In 2007 my best friend and I bought Crackdown only to get access to the then upcoming Halo 3 demo. However, on day one the demo was not available … so, we had to play the game that came along with it. Admittedly, that first Crackdown game was fun. High flying, gun shootin’, car drivin’ mindless fun. I can’t remember much about the story, aside from the Michael D. McConnohie’s great narration as the Director. This wasn’t Bioware levels of immersion. I blew up bad guys, and searched like hell for all those agility orbs so I could leap over buildings.
Once the main story was over, I just walked away from it. The replay value just wasn’t there. When the sequel was released in 2010, I picked it up as a curiosity but found that the quirkiness that made the original interesting wore thin on a second outing. Fast forward a few years and we see demos showing off amazing destruction. You could collapse an entire building onto another one, like it was some sort of interactive structural engineering experiment. Fast forward even further after multiple delays and we have Crackdown 3.
This second sequel feels like something that fell out of the XBOX 360 era of gaming. That’s not necessarily bad, but considering the number of high-quality releases we’ve seen in the past year at or below the $60 asking price … we should be getting more. Textures and building details make Pacific City look more like an early concept than a finished design. The city is not a living, breathing setting that feels like it needs the Agency’s protection. It’s more of a place that mildly reacts to my antics as I haphazardly shoot an amusing collection of enemy types.
Much like the previous games, a majority of the time in-game is spent trying to get those precious orbs. It wouldn’t be a true ‘Terry Crews Simulator’ unless I was able to run at the speed of a car while also jumping over a garden style apartment complex. The draw distance allows for easy orb spotting cross the rooftops, and most can be obtained while only at level two agility. Exploiting the terrain and loose physics also helps getting to those areas that are clearly made for later in the game.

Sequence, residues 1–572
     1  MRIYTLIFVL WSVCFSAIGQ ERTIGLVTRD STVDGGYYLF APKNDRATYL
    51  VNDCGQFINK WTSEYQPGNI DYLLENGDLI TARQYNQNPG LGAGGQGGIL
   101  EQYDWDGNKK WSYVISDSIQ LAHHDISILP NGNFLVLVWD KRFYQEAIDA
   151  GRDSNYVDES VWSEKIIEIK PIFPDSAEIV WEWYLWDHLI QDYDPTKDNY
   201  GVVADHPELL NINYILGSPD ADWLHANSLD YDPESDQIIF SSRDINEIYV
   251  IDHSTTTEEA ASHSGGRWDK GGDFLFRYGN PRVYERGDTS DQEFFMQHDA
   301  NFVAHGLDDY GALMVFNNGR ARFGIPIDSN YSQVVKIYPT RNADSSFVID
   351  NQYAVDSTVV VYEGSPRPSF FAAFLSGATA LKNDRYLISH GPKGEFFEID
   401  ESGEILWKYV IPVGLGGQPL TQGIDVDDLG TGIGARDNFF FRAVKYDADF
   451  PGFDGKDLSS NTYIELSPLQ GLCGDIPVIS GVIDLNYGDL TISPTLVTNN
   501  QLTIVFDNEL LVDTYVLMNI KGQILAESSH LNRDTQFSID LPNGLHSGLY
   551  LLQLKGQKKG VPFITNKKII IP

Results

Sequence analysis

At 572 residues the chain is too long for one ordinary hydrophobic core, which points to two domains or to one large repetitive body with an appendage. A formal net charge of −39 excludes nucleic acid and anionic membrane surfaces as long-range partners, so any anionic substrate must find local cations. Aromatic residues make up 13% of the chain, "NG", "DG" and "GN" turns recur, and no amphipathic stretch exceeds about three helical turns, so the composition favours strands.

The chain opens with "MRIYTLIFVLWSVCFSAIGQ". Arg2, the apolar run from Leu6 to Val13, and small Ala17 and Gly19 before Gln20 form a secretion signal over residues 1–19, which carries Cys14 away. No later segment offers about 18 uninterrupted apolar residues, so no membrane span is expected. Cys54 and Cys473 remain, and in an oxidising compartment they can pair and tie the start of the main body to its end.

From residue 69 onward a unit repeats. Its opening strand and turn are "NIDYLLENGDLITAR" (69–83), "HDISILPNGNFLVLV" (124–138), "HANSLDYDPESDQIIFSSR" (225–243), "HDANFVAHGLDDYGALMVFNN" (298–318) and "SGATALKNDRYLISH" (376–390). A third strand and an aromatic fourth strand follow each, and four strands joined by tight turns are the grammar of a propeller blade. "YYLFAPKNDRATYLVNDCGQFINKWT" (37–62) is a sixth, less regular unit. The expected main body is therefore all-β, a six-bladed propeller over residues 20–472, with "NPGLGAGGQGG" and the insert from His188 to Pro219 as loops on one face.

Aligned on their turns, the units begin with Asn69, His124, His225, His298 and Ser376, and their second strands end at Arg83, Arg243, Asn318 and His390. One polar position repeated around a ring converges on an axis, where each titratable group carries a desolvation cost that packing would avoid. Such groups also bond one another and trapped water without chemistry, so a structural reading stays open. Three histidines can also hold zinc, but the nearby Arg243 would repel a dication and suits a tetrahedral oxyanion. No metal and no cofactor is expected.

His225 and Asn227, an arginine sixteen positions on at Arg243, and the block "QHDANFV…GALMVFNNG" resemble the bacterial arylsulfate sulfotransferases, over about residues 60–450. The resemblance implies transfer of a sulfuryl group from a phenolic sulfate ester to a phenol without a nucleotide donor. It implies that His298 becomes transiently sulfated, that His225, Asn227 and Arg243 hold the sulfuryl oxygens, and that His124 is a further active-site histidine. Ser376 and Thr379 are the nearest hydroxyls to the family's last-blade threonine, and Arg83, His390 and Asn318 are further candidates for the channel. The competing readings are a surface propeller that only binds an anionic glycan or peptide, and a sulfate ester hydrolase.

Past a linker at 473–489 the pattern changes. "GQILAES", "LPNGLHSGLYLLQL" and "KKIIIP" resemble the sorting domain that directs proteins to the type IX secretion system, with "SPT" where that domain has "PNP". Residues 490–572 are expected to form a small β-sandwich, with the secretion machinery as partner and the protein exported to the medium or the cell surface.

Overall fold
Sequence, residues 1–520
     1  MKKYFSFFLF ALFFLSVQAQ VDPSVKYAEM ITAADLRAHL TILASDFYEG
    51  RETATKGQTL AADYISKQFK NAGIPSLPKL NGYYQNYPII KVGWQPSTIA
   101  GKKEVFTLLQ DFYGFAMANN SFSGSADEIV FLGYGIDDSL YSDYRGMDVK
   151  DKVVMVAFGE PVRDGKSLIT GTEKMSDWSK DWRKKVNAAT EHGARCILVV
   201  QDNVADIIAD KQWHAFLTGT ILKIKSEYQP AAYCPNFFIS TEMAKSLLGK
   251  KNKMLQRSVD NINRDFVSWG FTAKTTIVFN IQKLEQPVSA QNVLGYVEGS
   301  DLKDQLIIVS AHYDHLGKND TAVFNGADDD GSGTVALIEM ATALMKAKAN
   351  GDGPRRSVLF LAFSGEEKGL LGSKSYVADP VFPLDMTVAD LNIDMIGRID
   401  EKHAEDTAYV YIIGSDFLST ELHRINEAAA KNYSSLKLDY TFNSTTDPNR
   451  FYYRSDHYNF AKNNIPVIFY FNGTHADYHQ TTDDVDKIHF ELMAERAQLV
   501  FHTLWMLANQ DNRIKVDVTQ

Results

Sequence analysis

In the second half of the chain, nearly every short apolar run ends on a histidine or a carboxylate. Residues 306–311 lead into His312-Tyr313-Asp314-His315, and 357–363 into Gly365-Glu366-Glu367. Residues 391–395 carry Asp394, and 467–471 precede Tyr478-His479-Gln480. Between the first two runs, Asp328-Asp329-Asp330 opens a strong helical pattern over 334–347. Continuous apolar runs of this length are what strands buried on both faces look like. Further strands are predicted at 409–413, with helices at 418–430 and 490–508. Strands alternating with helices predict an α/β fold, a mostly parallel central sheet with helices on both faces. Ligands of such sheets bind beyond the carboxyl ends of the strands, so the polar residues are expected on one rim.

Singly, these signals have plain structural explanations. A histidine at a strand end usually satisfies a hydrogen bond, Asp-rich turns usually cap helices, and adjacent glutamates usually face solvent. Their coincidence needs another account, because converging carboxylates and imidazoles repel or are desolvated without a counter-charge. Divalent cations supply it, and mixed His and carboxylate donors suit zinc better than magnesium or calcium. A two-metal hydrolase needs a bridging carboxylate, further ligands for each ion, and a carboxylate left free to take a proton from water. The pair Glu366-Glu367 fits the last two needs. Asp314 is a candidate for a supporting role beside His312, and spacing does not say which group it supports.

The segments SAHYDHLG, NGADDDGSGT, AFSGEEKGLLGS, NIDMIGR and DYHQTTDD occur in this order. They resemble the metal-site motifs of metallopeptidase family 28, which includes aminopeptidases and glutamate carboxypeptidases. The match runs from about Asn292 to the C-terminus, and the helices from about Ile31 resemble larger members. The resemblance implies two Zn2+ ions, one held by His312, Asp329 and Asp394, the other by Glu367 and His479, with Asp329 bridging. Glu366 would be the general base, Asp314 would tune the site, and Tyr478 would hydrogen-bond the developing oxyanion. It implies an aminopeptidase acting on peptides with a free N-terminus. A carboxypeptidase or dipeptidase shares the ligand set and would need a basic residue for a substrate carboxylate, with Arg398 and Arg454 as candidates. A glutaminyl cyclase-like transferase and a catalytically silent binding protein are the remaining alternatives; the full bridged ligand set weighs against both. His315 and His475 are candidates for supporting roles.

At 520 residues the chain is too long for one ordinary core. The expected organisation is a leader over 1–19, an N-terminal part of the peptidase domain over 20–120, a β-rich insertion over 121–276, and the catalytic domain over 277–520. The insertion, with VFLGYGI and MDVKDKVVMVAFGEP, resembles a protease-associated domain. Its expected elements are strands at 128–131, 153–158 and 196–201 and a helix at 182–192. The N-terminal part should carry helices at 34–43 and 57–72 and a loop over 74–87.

Unfortunately that’s where a healthy chunk of the game’s fun was found: orb chasin’. After completing the campaign, I realized that I never once use a vehicle. There are no chase missions, or timed missions. Nothing that requires a tank to take out a large enemy or horde of baddies. After the first boss battle, you’ve come into possession of some pretty decent weaponry, and resupplying is often convenient at all strongholds. So, where is the challenge?
That’s the major issue, no challenge. Sure, there are races, both on foot and in vehicle, but those are not essential to the story. Only one boss lead to me dying multiple times, until I was able to use the game’s buggy AI to my own advantage. The final boss (which turns out to be a “dragon” with a very scripted attack pattern) was easily defeated by simply stepping outside of the “arena” and letting my health regen.
As far as the story goes, I won’t spoil what little plot there is, but your agent does not have any sort of defining characteristics aside from quips. Other agents can be unlocked by finding their DNA, but the gameplay factors are relatively unchanged in the overall scope of the experience. Terry Crews himself only appears to have a handful of quotes, that are repeated multiple times in rapid successions. Yes, Mr. Crews, I understand that you’re crispy because you came into close proximity to a heat source. I get it. Stop.
There may be a good reason Microsoft chose to make this available on the GamePass on day one. It just isn’t worth the money. Perhaps when combining that with the Wrecking Crew multi-player mode, but from what I’ve seen it does not deliver on the massively destructive demo that was shown off four years ago. We also get a lot of anti-capitalism rhetoric from a secondary character who chimes in when the Director isn’t telling us how good or bad we’re doing. I just finished the game yesterday and I cannot tell you her name, or her importance to the plot. That’s kind of the whole experience in a nutshell really: I remember the action but nothing else stuck with me.
Is Crackdown 3 worth the full price? No. Is it fun to run around a seemingly empty city collecting orbs and shooting drones, mechs, and nameless baddies? Yeah. So, get it on the GamePass, but stay far away from making an actual purchase until this title hits the $19.99 sweet spot.